The future of computing lies in these things. As computing takes a much more active role in our lives it will at the same time become much more invisible. Internet of Things Expo will address the challenges in getting from where we are today to this future.
 
The high-energy event is a must-attend for senior technologists from CEOs on down – including CIOs, CTOs, directors of infrastructure, VPs of technology, IT directors and managers, network and storage managers, network engineers, enterprise architects, and communications and networking specialists.




@ThingsExpo Power Panel | The World's Many IoTs: Which Are the Most Important?
The Internet of Things is clearly many things: data collection and analytics, wearables, Smart Grids and Smart Cities, the Industrial Internet, and more. Cool platforms like Arduino, Raspberry Pi, Intel's Galileo and Edison, and a diverse world of sensors are making the IoT a great toy box for developers in all these areas. In this Power Panel at @ThingsExpo, panelists discussed what things are the most important, which will have the most profound effect on the world, and what should we expect to see over the next couple of years.
Benefits of Attending the Three-Day Technical Program
  LEARNexactly why Internet of Things is relevant today from an economic, business and technology standpoint.
  HEAR first-hand from industry experts the common issues and requirements for creating a platform for the Internet of Things.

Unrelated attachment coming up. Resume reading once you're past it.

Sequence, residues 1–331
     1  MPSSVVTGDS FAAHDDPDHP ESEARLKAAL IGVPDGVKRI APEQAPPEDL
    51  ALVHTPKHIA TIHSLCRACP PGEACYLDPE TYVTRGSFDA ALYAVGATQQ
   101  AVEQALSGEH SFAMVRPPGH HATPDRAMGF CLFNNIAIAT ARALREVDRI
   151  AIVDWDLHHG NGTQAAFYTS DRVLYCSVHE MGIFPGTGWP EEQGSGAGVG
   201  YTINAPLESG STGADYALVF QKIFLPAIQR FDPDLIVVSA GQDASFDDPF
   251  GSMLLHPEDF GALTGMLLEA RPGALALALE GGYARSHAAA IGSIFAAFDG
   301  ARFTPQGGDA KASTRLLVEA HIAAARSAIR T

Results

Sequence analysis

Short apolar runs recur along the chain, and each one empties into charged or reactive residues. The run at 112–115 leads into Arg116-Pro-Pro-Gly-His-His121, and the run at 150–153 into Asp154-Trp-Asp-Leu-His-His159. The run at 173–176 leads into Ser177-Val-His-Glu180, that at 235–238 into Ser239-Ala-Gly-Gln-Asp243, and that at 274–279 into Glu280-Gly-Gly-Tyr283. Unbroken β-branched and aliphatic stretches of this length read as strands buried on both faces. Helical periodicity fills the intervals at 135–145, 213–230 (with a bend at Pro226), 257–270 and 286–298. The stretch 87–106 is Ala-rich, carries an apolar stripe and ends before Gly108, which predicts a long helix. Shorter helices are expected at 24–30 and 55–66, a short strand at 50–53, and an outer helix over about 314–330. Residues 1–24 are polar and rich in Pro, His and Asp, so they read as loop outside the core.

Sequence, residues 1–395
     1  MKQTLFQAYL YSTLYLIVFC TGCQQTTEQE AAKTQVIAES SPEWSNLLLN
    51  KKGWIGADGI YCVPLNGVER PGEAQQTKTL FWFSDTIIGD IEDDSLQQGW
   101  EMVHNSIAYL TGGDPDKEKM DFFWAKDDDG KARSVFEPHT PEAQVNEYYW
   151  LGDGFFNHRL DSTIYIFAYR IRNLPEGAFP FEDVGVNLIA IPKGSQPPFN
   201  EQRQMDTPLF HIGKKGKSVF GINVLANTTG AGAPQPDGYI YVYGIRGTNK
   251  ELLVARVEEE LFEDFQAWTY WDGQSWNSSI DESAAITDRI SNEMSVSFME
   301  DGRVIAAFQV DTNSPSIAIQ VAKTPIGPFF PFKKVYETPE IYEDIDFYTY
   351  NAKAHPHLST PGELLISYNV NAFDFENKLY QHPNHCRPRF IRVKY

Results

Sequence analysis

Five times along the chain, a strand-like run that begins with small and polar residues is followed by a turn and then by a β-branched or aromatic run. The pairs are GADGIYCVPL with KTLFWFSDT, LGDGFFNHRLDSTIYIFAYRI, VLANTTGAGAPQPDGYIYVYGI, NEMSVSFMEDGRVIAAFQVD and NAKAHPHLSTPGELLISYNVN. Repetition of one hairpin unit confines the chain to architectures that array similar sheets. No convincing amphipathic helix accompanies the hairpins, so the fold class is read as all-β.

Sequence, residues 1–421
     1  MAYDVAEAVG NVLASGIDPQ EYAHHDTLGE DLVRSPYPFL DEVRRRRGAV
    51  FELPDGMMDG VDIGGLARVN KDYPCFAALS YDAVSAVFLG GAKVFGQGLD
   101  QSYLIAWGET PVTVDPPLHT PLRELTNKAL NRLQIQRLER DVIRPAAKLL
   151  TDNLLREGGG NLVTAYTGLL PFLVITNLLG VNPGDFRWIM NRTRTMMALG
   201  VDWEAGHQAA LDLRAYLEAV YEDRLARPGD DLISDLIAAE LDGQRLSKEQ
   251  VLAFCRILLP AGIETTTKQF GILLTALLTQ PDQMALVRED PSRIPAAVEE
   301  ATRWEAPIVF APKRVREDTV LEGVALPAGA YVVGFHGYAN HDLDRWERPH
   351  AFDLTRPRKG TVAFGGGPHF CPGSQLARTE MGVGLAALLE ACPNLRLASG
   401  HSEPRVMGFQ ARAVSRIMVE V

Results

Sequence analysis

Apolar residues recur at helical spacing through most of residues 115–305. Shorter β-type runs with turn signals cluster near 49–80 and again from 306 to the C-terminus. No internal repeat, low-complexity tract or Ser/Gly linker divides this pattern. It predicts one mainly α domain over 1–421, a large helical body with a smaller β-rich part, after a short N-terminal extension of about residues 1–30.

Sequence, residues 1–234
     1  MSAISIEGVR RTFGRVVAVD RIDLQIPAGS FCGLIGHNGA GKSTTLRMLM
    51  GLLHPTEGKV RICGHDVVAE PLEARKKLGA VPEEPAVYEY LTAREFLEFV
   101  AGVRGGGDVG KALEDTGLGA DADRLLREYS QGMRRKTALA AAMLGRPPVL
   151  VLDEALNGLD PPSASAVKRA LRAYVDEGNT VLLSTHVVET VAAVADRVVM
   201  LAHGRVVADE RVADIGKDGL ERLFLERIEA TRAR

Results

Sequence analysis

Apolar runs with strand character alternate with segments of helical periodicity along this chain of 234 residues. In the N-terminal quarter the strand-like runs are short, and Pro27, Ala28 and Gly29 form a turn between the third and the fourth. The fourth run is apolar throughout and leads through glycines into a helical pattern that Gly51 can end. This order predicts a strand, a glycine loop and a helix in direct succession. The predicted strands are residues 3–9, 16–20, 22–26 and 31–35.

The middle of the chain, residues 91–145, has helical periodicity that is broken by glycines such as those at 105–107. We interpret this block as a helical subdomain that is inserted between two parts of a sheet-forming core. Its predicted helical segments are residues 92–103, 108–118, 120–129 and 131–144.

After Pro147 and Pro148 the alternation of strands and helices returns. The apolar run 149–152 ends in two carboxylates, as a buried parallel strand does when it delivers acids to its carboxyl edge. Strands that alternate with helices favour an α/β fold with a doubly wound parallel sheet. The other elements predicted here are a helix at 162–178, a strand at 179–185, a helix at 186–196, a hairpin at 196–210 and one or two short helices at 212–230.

SEE what new tools and approaches the Internet of Things requires.
  DISCOVER how to drive a distributed approach to the Internet of Things, where applications move to the data.
  FIND OUThow the vast volumes of new data produced by the Internet of Things provides a valuable new source of business insight through advanced analytical techniques.
  MASTER how the ongoing development of smart cities, cars, and houses will enhance connectivity infrastructure.
Lunch Power Panel | Microservices & IoT- Moderated by Jason Bloomberg
In this Power Panel at @DevOpsSummit, moderated by Jason Bloomberg, president of Intellyx, panelists Roberto Medrano, Executive Vice President at Akana; Lori MacVittie, Evangelist for F5 Networks; and Troy Topnik, ActiveState's Technical Product Manager; and Otis Gospodnetic, founder of Sematext; peeled away the buzz and discuss the important architectural principles behind implementing IoT solutions for the enterprise. As remote IoT devices and sensors become increasingly intelligent, they become part of our distributed cloud environment, and we must architect and code accordingly. At the very least, you'll have no problem filling in your buzzword bingo cards.


What Is DNS? | @CloudExpo #Cloud #Security #APM #Monitoring
Imagine how difficult it would be to use the Internet if you had to remember dozens of number combinations to do anything

devcentral_basics_article_banner

What Is the Domain Name System (DNS)?